What happens when you take members of Wolf Eyes, Formant, Royal Trux, and Drainolith? The answer: a total mind-fuck. The other acceptable answer would be: Dan’l Boone, whose debut album came out last week on Drag City Records.
Neil Hagerty, Nate Young, Charles Ballas, and Alex Moskos all have a history in exploration, much like their namesake, Daniel Boone, although these guys push the boundaries of musical expression rather than exploring the American frontier. Another parcel of common ground between the band and the folk hero is how much their work confuses people. Some of the tales of Daniel's life are so tall you can't see the top, and this band makes you second-guess your mental stability.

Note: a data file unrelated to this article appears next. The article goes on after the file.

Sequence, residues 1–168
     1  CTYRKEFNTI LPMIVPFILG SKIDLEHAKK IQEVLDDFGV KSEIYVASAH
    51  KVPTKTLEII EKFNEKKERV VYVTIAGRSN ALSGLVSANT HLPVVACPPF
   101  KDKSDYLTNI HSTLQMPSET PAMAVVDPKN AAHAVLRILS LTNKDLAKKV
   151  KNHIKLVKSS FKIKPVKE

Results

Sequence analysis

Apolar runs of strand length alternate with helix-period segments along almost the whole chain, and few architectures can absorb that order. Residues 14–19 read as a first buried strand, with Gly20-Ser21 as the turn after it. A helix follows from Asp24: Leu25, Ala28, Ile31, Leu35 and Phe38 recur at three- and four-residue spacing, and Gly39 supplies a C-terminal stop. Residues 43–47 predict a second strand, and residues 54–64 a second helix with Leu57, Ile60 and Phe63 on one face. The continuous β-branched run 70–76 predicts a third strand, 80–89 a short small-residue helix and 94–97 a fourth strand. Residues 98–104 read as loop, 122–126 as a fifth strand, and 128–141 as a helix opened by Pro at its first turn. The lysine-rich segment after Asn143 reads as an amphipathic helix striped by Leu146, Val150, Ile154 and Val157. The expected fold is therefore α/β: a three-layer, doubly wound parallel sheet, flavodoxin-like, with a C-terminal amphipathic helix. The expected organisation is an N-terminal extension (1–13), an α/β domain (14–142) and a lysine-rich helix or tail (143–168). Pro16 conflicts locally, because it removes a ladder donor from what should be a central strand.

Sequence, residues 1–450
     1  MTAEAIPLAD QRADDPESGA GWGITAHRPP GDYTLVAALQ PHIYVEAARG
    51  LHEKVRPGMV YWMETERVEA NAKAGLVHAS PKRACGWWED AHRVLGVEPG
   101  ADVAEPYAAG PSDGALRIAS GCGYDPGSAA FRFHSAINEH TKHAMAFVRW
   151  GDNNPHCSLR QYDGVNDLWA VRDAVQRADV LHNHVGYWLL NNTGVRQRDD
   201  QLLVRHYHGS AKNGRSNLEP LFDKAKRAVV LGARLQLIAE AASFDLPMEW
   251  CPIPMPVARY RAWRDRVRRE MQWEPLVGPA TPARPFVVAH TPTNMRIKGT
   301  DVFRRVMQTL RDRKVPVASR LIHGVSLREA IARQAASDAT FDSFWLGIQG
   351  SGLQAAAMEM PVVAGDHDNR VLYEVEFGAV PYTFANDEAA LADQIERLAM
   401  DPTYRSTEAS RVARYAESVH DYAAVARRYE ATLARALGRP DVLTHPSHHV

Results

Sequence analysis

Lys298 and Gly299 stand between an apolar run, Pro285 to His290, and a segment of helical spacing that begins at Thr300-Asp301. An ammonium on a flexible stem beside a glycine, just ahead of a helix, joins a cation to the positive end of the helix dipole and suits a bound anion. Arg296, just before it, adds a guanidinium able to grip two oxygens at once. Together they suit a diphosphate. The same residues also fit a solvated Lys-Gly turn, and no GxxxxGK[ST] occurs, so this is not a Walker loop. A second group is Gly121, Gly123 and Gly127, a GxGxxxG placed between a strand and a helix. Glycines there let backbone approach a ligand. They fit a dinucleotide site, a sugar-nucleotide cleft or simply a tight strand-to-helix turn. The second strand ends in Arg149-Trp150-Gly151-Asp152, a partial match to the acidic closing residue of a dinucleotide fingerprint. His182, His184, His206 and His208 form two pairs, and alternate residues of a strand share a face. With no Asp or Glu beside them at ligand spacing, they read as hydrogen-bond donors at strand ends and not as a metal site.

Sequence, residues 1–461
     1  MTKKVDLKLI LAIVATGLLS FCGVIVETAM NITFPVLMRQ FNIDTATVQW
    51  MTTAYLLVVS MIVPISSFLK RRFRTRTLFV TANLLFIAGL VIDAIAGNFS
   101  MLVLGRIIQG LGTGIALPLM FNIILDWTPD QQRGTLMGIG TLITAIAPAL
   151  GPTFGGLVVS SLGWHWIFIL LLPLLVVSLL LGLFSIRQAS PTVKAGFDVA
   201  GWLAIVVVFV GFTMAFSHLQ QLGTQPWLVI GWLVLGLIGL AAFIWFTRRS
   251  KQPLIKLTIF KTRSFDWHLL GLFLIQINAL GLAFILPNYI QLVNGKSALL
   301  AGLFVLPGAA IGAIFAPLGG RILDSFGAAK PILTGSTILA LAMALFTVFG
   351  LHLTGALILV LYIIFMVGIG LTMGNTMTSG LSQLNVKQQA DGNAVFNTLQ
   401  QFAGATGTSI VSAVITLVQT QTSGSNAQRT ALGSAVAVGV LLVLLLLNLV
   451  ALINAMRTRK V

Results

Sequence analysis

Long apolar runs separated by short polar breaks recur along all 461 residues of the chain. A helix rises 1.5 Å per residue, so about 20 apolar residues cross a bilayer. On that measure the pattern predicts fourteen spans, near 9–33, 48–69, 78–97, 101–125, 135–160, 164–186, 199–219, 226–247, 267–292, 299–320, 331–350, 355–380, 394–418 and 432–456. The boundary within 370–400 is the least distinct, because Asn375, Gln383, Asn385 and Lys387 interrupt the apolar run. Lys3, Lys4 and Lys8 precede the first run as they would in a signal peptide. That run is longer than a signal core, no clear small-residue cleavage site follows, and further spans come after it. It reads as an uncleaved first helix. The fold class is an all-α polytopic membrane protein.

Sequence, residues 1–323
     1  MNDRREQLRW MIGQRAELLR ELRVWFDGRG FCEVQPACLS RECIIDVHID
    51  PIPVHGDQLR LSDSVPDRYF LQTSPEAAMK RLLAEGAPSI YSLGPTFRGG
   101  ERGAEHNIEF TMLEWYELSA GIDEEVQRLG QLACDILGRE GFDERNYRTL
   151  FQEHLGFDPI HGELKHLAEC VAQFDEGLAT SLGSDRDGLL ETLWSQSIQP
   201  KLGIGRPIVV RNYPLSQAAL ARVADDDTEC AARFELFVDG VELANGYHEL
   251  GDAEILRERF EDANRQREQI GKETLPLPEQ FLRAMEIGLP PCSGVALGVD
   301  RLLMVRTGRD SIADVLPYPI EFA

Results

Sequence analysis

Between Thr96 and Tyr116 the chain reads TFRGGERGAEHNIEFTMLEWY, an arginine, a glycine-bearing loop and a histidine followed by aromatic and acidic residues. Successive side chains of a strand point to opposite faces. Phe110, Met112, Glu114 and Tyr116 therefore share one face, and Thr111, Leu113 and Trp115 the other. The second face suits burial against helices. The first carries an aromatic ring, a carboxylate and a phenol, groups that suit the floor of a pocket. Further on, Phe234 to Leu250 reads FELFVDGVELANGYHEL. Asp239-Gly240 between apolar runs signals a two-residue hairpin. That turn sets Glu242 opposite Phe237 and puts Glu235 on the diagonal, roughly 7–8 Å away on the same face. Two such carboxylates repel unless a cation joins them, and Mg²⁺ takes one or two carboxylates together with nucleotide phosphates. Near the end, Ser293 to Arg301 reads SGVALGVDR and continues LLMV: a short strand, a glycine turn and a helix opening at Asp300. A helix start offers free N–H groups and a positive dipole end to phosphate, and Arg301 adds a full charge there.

First off, Dan'l Boone is a challenging record. These guys do everything in their power to make the listener work for the payoff. To most, the content here is too inaccessible to ever navigate to the point of enjoyment. However, those brave enough to give multiple listens may discover this is an exercise in innovation and imagination.
Where the pieces align to create an erratic cacophony, there are carefully placed samples and layers of synths that creep and throb, while the guitars and drums trip over themselves. Moments where there are vocals are sparse, and they're often indecipherable and heavily manipulated. As hard as it might be to arrive at the album's intended destination, it's equally as difficult to trace from where these tracks came. Seriously, Dan'l Boone is hurting my brain.
"Mindface," the album's most accessible track, is still exploratory in nature. However, Dan'l Boone gives the listener a little break from being pummeled by crackling and shrieking soundscapes. This self-titled debut feels like a song cycle that would fit perfectly in a Kubrick flick. If you're a fan of any of these musicians, Dan'l Boone is worth a listen.